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The US and China now have a 'space hotline' to avoid satellite warfare

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Washington and Beijing are making efforts to avoid a crisis in space before it happens. The US and China have set up a direct link — or "hotline" — allowing both nations to easily share information about activities in space. Specifically, the so-called space hotline is designed to help the space and military agencies of both countries to discuss "potential collisions, approaches, or tests," according to the Financial Times.

Like the well-known "red telephone," set up between Moscow and Washington in the aftermath of the Cuban Missile Crisis, the idea is to keep a misunderstanding or other miscommunication from escalating to a dangerous situation in space and here on Earth.

According to a US assistant secretary of state, before the hotline, "we had to send notifications to the Chinese via their ministry of foreign affairs. The chain would go from JSpOC [Joint Space Operations Center] to the Pentagon, to the State Department, to the US Embassy in Beijing, and then on to a contact there."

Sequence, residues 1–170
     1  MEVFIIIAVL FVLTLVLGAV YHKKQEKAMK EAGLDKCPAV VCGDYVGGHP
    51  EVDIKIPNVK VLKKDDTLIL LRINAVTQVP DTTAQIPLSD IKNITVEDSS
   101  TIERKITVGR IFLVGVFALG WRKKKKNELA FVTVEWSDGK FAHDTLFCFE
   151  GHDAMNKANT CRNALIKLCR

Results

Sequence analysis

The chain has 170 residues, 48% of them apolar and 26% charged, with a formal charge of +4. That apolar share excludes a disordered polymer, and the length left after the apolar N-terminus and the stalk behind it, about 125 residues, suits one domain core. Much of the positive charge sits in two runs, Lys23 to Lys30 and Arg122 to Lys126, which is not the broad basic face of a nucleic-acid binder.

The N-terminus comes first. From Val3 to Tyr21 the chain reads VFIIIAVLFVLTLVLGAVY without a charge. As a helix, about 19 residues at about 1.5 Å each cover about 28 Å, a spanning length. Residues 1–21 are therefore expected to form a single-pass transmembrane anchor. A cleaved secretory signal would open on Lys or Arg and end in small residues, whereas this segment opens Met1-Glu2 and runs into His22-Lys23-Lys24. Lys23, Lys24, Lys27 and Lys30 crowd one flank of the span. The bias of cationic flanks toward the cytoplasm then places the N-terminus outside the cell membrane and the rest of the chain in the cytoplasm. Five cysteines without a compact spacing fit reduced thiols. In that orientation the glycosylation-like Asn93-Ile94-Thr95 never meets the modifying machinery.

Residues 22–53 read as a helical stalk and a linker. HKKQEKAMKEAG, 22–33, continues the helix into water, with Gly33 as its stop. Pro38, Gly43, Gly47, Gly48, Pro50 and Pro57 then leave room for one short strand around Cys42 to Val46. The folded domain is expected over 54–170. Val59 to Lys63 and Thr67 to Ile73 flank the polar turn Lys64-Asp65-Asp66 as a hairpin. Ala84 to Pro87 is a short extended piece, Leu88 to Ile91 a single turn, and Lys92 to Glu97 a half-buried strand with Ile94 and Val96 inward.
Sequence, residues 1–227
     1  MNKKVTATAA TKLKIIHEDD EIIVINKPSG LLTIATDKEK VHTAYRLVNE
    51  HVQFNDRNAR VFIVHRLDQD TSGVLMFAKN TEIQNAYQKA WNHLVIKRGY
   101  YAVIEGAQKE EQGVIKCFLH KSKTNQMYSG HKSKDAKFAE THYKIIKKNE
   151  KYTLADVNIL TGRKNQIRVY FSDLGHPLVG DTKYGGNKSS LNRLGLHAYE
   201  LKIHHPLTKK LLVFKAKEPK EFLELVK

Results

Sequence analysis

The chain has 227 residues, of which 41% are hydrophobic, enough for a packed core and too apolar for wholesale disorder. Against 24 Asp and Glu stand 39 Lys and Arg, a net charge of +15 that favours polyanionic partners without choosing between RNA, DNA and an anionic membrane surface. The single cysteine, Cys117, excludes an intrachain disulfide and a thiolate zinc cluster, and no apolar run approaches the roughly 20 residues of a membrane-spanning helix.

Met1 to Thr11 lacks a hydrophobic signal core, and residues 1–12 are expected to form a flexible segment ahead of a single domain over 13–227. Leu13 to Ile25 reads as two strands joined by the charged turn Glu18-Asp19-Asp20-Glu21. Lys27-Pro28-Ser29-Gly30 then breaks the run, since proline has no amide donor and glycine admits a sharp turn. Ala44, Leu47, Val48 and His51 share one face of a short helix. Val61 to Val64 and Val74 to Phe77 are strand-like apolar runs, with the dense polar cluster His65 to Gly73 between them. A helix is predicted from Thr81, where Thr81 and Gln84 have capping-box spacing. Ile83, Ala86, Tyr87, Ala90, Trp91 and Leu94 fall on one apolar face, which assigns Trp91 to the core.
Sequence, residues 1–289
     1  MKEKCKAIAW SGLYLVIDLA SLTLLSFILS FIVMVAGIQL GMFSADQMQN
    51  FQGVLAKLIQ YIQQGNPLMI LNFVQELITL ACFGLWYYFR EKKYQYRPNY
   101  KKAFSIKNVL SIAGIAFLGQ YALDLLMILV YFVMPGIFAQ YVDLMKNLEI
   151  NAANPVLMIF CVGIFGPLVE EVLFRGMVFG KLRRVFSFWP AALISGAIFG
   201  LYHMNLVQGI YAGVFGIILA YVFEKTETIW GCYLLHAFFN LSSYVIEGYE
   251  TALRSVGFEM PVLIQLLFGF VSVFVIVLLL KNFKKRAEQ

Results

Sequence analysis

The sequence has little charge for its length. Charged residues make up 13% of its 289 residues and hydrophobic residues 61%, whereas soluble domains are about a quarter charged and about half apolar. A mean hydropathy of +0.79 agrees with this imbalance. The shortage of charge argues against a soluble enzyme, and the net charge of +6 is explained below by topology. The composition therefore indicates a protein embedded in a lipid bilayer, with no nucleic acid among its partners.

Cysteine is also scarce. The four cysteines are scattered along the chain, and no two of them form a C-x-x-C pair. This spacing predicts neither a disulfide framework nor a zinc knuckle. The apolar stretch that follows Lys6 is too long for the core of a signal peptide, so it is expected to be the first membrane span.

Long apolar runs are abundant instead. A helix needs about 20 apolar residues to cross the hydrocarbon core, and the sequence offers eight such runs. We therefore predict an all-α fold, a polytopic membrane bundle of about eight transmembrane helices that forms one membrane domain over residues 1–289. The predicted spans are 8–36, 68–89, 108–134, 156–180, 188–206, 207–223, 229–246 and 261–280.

A similar, dedicated space hotline has existed between Russia and the US since the Cold War, but such a system is just now being set up with China, a growing power in space. There have been growing fears of warfare in space since China blew up a satellite during a test of an anti-satellite weapons system in 2007. In a time of warfare, destroying orbiting satellites could provide a significant advantage by disabling coordination abilities and intelligence efforts.